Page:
|dc.description.abstract||In the state of Texas, cities and counties located along the coastline have all experienced an increase in population due to its navigable waterways and natural resources. Policy makers are faced with a difficult task to plan for the growth of urban development while using natural resources in a sustainable fashion. Despite efforts to protect valuable natural areas such as marshes, wetland loss continues to occur. In a study conducted in 2015 by Armitage et al., it was recently discovered that saltmarsh areas on the Texas coastline decreased by 77.8 km^2 from 1990-2010 within the Coastal Zone Management (CZM) boundary. When a formerly extensive area of salt marshes has been reduced by conversion to agricultural land, urban development or for industrial use and port facilities it can become quite a significant problem (Boorman,1999). Saltmarshes are given great value due to their ability to absorb impacts from storms, provide wildlife habitat, and provide social and economic benefits. It then becomes critical that analysis be conducted to identify the major causes of wetland loss along the Texas coastline.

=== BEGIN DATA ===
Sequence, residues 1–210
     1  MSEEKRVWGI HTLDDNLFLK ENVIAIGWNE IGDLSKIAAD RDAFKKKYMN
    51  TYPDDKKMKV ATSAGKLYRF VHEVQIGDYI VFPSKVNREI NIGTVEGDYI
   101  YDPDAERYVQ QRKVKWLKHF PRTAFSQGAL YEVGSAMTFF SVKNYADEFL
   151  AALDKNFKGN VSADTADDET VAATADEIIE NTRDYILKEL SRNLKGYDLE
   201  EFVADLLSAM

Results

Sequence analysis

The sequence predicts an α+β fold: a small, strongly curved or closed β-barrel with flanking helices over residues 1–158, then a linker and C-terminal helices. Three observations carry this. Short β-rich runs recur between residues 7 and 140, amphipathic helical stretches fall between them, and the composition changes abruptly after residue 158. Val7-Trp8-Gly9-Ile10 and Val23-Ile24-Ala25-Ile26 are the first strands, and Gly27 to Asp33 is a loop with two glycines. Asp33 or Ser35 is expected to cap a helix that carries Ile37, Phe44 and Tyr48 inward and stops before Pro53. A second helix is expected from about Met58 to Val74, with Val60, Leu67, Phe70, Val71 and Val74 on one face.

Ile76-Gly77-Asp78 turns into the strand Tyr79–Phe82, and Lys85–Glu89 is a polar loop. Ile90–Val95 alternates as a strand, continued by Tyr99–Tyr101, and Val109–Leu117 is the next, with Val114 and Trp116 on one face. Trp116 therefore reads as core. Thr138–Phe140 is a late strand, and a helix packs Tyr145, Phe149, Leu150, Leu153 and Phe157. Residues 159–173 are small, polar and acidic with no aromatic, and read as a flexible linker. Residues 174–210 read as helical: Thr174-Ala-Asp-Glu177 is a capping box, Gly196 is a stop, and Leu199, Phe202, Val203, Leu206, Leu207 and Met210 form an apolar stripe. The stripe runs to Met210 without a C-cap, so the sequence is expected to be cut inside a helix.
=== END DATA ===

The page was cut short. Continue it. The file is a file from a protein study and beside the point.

This thesis aims to understand the major drivers of saltmarsh change throughout the 20-year time frame. Using the change in saltmarsh area for 1990-2010 as the dependent variable and watersheds as the unit of analysis, a regression model was estimated to evaluate drivers of saltmarsh change. Results indicate that if more saltmarsh area was present prior to 2010, then the change would decrease significantly. Additionally, Section 404 permits granted by the U.S. Army Corps of Engineers that permitted the alteration of wetlands indicated that as more permits were distributed, the change that occurred from 1990-2010 increased significantly. Change in population proved quite the opposite. As population change occurred, it decreased the amount of area change in saltmarshes. Similarly, sea level rise also demonstrated to decrease the amount of change exhibited by saltmarsh area. Discussion of the results for all four statistically significant variables reveal that more studies will need to be conducted to further understand their effects on saltmarshes.||